Has ‘How to Get Away with Murder’ Finally Gone Too Far?

James Akinaka

How to Get Away with Murder is one of those drama shows where it’s easy to get spoiled if you’re not caught up. The series has always taken pride in its shocking twists and turns, which culminated in this week’s mid-season finale, “Who’s Dead?” The episode finally answered the question of who’s the dead body #UnderTheSheet from Annalise Keating‘s house fire, which has served as the flash-forward sequence of season three. In doing so, the series exploited its own shock value to a troubling degree.

On that note, if you aren’t fully caught up with season three, MAJOR spoilers follow.

In the tradition of How to Get Away with Murder, each season has dangled some tantalizing question in front of its fans. Season one opened with the question, “Who killed Sam?” Season two’s opening question was, “Who shot Annalise?” And now, season three has kept on asking, “Who’s Dead?” Sadly, all of them have the same answer: Wes Gibbins.

Has How to Get Away with Murder finally gone too far? Wes’s death is just the latest in the series’ endless stream of shocking moments. And that wasn’t even the worst part: Fans learned that Wes was already dead before Annalise’s house fire. This means we still don’t know how he died. In its rush to raise its stakes, has the series become too frustrating for fans to watch? Now is as good a time as any to take a look.

Kill Your Darlings


For many fans, How to Get Away with Murder is a maddening guessing game about who’s next to die. In an interview about “Who’s Dead?”, Showrunner Pete Nowalk revealed he didn’t decide to kill off Wes until just two episodes prior. Nowalk said, “Ultimately, it was about a gut feeling, and [killing off Wes] gave me the biggest pain in my gut.” Even the show’s main actors said on Twitter they were devastated when they learned Wes was #UnderTheSheet.

The creative writing community is rather fond of a William Faulkner proverb, that tells fellow writers to “kill your darlings”. By that, Faulkner means that authors should shape their writing from an objective standpoint, without emotion or sentiment. Nevertheless, there’s a certain element of sadism to Faulkner’s words. To kill your darlings, you have to suppress your emotions — or else run the risk of sadistically exploiting those decisions.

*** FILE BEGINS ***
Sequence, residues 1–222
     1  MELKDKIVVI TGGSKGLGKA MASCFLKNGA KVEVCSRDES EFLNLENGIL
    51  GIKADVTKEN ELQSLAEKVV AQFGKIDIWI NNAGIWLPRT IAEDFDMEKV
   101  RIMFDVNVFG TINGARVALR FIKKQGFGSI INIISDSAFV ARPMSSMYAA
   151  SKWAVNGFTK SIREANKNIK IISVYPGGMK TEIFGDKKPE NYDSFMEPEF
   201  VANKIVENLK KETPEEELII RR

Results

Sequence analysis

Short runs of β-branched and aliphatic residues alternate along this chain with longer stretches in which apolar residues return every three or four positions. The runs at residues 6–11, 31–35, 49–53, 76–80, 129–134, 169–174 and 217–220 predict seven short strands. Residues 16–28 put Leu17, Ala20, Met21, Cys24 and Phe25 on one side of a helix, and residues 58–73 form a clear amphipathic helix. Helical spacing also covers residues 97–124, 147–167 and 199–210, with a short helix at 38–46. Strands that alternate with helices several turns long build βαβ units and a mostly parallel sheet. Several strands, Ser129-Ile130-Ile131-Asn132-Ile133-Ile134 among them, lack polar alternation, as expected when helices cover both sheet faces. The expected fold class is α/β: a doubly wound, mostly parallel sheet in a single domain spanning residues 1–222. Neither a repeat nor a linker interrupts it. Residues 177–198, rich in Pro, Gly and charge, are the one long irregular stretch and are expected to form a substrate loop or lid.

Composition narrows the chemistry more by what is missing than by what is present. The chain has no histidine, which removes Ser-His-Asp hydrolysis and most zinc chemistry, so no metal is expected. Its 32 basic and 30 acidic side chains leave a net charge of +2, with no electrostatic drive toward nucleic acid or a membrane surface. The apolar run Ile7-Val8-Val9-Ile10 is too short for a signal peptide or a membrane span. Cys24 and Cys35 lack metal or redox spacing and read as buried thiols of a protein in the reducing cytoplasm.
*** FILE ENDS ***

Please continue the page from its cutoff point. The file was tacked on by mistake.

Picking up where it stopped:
Is How to Get Away with Murder guilty of that brand of sadism? I don’t want to do Nowalk or his writing team a disservice by oversimplifying their work. Even more importantly, I don’t want to reduce the impact of the show’s complex commentary on current issues, from race and gender to LGBTQ rights and the criminal justice system. Yet, the fact remains that the series is far too obsessed with killing its darlings.

Wes is the first major character to die, but I doubt he’ll be the last. There comes a point when shock value loses its value, and How to Get Away with Murder is on the verge of letting that happen. As the series produces more shocking moments, it also dilutes their value. Perhaps there will come a time when the show can’t raise its stakes anymore because there won’t be any stakes left to raise. That’s a disturbing thought, but it’s gradually becoming a reality.

How to Watch a Show About Murder


Ever since I became a fan of How to Get Away with Murder, I’ve been frustrated with its unrelenting obsession with shock value. Scroll through the series’ Facebook and Twitter feeds, and you’ll see that almost every marketing spot focuses on the incalculable amount of shocking moments from each episode. Even season three’s #UnderTheSheet hashtag — which is currently trending on Twitter — originally surfaced from the series’ promotional ads.

What frustrates me is that it seems like the show’s writing and marketing teams want to shock fans. Let’s get something straight: Fans aren’t playthings. We choose which shows to watch, and we watch them because we’re passionate about them. But if fans watch a series because they want to be shocked, that might develop into an unhealthy cycle of watching an increasingly violent show.

Maybe I’m overstating the obvious. After all, this is a show about murder, so perhaps fans should know what to expect from it. The show’s title contains the word “murder,” for crying out loud. But after two and a half seasons, the only thing that’s constant about How to Get Away with Murder is its unpredictability. I’m not convinced that unpredictability is a good quality for a TV show. No series should leave its fans with more questions than answers.


So, how do you watch a show about murder? There isn’t an easy answer. Personally, my solution was to become less emotionally invested in the series. I still watch How to Get Away with Murder because I really enjoy its social commentary. At the same time, I’ve given up on becoming invested in the series’ unremitting shock value.

It’s not about watching a show that I hate. How to Get Away with Murder still fascinates me for its exploration of human relationships. Nevertheless, the series is determined to make a spectacle of itself, so it’s important to be aware of that. Even though the show loves to shock its loyal fans, I don’t have the emotional capacity to let it shock me any longer.

James Akinaka
James Akinaka arrives at Fandom by way of Wookieepedia. He covers Star Wars, superheroes, and animation and has mastered the art of nitpicking. Since he works in publishing, he reads far too many books.
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